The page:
The other documented owner was Argus E. Ogborn, an Indiana historian, genealogist and former Sons of Union Veterans commander. Ogborn bought a large cache of dead letter portraits from the U.S. government in the 1930s. He was well known for fastidiously recording his name, address and an identifying number on his collectibles, including his cartes de visite. Although Ogborn died in 1992, many of his inscriptions survive today. He is so closely associated today with dead letter portraits that some people, mistakenly, believe the brass clips and red numbering to be his handiwork. Ogborn’s collection was auctioned off in the 1980s. A large proportion of dead letter portraits currently in circulation bear this provenance.
My own carte de visite of the youthful Union private possesses markings of having passed through the DLO. But otherwise, its journey, like the man’s identity, remains a mystery. Perhaps it came from the collections of Medicus or Ogborn, rescued by them from a trash heap or a forgotten storeroom. Perhaps it was spotted a century ago by a hopeful relative or brother-in-arms, who claimed it as a treasured memento.
Whatever the story of my image, we can be assured that the tireless efforts of the DLO clerks played a central role.
Heidelbaugh finds their dedication admirable, but not surprising. Undeliverable photos should eventually have been destroyed. She noted however, “there’s something with the aftermath of the Civil War that makes the DLO clerks hang on to these and go to the efforts of trying to connect people to their loved ones. The clerks are probably dealing with their own trauma and understanding that these [photos] may be the only visual records of these soldiers.” Bowen-Murphy sees part of the DLO’s significance as “the collection point for stuff that would otherwise be lost. This is the last chance for a love letter to get where it’s going, or a soldier’s letter home. I think there’s some emotional power there.”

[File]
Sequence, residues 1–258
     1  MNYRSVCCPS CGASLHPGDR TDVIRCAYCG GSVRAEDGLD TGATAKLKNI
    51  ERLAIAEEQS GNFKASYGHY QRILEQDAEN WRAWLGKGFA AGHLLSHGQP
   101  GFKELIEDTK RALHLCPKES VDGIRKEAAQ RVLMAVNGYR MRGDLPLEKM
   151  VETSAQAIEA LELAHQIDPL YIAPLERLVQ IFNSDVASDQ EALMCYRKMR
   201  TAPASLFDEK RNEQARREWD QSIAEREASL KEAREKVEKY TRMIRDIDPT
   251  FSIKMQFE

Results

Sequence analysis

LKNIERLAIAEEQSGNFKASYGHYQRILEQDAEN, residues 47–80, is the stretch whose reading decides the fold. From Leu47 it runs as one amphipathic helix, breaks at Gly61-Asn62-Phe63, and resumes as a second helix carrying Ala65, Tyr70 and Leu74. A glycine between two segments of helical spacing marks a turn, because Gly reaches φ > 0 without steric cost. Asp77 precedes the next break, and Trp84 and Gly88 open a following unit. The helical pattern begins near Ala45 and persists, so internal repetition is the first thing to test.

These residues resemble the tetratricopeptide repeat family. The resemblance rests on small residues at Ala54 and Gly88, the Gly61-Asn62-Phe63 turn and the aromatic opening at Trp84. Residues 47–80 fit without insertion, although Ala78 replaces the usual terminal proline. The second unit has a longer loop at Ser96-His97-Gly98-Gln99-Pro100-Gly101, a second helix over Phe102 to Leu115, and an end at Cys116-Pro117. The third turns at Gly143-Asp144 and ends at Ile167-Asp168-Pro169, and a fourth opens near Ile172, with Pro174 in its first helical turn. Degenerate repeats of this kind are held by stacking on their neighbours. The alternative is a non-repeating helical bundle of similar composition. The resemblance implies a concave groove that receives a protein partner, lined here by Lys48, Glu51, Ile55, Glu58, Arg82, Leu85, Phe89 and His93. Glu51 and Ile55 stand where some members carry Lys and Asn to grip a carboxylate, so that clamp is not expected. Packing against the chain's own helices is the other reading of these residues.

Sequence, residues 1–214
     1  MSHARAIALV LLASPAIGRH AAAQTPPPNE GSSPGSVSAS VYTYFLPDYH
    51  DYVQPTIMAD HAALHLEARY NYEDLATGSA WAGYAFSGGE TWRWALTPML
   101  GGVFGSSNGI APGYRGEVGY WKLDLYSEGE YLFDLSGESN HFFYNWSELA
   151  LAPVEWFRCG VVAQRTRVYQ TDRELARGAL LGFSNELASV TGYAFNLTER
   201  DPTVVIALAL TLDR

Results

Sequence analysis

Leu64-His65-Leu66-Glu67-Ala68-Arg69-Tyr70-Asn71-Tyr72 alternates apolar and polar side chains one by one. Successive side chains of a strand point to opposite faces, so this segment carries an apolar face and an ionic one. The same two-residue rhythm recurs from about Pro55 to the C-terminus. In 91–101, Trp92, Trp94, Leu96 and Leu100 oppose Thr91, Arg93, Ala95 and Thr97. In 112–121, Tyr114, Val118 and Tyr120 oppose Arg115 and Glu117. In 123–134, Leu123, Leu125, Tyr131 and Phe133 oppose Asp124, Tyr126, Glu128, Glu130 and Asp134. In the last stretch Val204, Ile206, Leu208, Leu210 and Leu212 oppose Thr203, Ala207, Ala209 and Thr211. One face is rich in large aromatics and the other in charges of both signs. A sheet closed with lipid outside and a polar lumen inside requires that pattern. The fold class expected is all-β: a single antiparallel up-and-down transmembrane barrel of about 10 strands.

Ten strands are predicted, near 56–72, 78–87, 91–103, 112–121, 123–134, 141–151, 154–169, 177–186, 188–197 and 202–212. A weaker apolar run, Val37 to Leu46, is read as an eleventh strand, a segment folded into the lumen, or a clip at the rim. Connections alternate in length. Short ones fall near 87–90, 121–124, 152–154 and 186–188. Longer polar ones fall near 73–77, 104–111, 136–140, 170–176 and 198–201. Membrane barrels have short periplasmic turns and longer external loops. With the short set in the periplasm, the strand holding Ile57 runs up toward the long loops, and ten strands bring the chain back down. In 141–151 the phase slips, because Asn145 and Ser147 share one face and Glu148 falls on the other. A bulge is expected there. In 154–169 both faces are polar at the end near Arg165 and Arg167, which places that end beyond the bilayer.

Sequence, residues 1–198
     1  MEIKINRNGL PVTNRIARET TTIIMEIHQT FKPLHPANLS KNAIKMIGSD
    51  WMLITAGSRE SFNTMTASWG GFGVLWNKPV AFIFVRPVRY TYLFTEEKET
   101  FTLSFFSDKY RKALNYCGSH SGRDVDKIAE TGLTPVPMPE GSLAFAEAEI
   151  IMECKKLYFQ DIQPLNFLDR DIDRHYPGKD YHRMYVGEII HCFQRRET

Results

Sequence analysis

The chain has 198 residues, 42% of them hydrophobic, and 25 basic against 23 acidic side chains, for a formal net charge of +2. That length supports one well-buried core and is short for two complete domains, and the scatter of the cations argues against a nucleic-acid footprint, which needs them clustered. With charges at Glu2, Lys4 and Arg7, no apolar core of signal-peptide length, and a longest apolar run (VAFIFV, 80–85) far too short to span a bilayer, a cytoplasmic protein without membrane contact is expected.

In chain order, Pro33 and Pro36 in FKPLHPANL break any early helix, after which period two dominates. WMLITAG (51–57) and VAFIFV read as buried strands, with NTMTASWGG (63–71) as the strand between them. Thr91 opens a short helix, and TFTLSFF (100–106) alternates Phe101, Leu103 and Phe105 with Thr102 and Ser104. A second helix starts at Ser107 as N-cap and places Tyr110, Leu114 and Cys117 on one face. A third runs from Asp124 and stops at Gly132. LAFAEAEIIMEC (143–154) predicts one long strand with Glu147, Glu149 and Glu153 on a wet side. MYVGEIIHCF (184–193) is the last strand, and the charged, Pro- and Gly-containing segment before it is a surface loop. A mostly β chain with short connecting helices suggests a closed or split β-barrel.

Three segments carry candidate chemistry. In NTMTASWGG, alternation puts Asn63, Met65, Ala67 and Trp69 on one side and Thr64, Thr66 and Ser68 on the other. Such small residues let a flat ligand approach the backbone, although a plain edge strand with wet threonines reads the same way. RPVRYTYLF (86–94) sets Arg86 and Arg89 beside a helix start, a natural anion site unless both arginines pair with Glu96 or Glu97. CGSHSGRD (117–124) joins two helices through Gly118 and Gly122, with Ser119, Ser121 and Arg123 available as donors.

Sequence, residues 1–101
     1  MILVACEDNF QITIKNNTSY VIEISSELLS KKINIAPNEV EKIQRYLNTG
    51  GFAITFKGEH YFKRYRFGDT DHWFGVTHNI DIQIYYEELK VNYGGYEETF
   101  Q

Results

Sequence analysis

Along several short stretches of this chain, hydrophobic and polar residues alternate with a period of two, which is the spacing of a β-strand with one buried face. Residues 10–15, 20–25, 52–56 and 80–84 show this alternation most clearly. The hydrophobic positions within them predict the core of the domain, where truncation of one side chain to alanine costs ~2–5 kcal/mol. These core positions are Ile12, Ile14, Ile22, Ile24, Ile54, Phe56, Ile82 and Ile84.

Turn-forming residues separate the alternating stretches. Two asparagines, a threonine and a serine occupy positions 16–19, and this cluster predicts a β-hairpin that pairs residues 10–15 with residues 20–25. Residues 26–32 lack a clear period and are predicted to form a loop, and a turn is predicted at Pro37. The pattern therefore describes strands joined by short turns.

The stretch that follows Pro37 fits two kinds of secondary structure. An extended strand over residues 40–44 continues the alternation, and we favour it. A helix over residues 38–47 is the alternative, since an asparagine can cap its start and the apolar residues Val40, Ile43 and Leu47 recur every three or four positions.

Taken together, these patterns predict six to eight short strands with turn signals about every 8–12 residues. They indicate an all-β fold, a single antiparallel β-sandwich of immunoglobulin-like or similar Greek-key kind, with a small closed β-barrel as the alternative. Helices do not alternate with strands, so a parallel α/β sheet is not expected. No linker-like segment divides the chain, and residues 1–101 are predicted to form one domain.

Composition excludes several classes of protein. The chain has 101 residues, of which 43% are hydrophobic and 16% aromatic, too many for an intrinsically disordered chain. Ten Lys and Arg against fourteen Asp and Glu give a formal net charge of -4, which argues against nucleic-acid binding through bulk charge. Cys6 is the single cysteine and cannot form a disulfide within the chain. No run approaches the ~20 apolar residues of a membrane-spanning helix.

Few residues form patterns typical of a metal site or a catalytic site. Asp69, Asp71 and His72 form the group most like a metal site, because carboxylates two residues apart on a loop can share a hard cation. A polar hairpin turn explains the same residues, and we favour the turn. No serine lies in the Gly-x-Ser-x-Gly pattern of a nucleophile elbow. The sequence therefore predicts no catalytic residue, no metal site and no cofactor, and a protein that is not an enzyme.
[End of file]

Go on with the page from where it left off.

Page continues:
These sentiments will resonate with many contemporary photo sleuths. Inspired by the example of the Dead Letter Office clerks, we can continue their important work.
We encourage you to pick up the torch to continue this investigation and, as always, submit other photo mysteries to be investigated as well as summaries of your best success stories to MI via email. Please also check out our Facebook page, Civil War Photo Sleuth, to continue the discussion online.
References: Ashley Bowen-Murphy, “Where U.S. Mail Went To Die” (Atlas Obscura); James H. Bruns, “Remembering the Dead” (EnRoute Vol. 1, No. 3); Marshall Cushing, The Story of Our Post Office: The Greatest Government Department in All Its Phases; Dorothy G. Fowler, Unmailable: Congress and the Post Office; Omaha Daily Bee, May 2 and Sept. 4, 1898; Connecticut Courant, Jan. 18, 1868.
Kurt Luther is an assistant professor of computer science at Virginia Tech. He writes and speaks about ways that technology can support historical research, education and preservation.By Kurt